File Properties in File Explorer
A great amount of file detail can be viewed when a single image file is selected.

To view File Properties:
1: Right-click on a single file. A long list of options will be displayed.
2: Click on 'Properties', found at the bottom of the list. the File Properties window will open.
3: View the information in the 4 tabs of the File properties Window: General, Security, Details, and Previous Version. Most of the metadata is visible in the Details tab.
 
 

Editing and Adding Photo Metadata

Using File Explorer on a Windows PC
In File Explorer, some metadata fields can be edited within the Details Pane or in the File Properties window.

Be sure to click 'OK', or 'Save' when done.
Using Adobe Bridge FREE Software
Adobe Bridge is free software for photo viewing. Metadata can be viewed and changed using Adobe Bridge.

Features include: Adjust the size for viewing the photo, choose what what file information you want to see. Add and edit keywords. Correct photo dates. Rate photos. Various sorting options.

In Adobe Bridge, the term 'Date Created' is used to represent the date the photo was taken.

Available for PC and Mac.
 
 

Your Keywords List

What is a Keyword?
A keyword (also called a tag) is a word added to the keyword field of a digital file. Two or more words can form a single keyword. Example: Birthday party.

A person's name can be a keyword. Anything you want to identify and be searchable in your digital photo files can be added as a keyword.

Adding words (keywords) to the digital photo file (metadata) makes your collection very searchable. The more keywords you add, the more searchable your collection will be.
Choosing Keywords
Keywords for your own personal photo collection would include words that matter to you. Words that represent the activities you enjoy, your hobbies, the places you go, and anything else relevant.

Make a list of keywords. As you go through your photos, you can add keywords. Be consistent. I do a lot of cycling. I have chosen to use the keyword 'biking'. Not 'bicycling" or 'cycling'. Make a list of the words you will use and stick to that list.
Keyword Categories and Examples
Some suggestions to help you start to create a keyword list:

Group (People) Keywords: team, club, class, party...
Event/Celebration Keywords: birthday, reunion, wedding, race, event name, exhibit name, picnic, concert, visit, vacation...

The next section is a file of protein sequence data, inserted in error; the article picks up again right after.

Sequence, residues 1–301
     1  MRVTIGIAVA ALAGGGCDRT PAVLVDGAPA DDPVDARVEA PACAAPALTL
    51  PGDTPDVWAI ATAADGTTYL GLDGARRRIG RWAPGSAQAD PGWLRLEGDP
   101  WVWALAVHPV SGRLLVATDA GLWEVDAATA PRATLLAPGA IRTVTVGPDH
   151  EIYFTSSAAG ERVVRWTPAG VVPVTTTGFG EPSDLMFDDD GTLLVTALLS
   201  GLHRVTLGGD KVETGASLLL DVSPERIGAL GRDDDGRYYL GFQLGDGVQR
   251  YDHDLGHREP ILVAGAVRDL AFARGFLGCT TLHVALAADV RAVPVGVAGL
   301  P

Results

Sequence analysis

Location Keywords: name of a place, name of a school, destination/resort name, your home (find a unique identifying word), cottage...
Activity Keywords: name of a sport, camping, gardening, renovation, dance, choir...
 
 

Don't Lose Your Metadata!

Sharing Photos by Email
If you've added metadata to your photos, you probably want it to make sure it stays with your photos.

When photos are sent by email, it is important to send photos as attachments. The person receiving the email will have to open the attachment. If the photo is then saved on that person's device, the metadata will still be there.

If a photo is sent as inline, the photo will be visible to the recipient when the email is opened. When a photo sent this way is saved, the metadata is no longer attached to the photo file!

There are many different email service. Do some testing with copy of a digital photo. Email it to yourself using different methods to see what metadata remains attached.
Sharing Photos via Online Services
Many people use online photo storage services. Be aware of what happens to metadata you add to photos while using these online services. Be especially aware of the free services.

If you add metadata to your photos before uploading them to online storage, that metadata usually remains with the file when the photo is downloaded or shared through the service.

If you add metadata to your photos after uploading to the service (within the online service's app or by direct access through a browser), that metadata is often removed from the file when the photo is downloaded or shared shared through the service.

Do some testing with copies of of your photos to determine what happens to your photos with whatever service you might be using.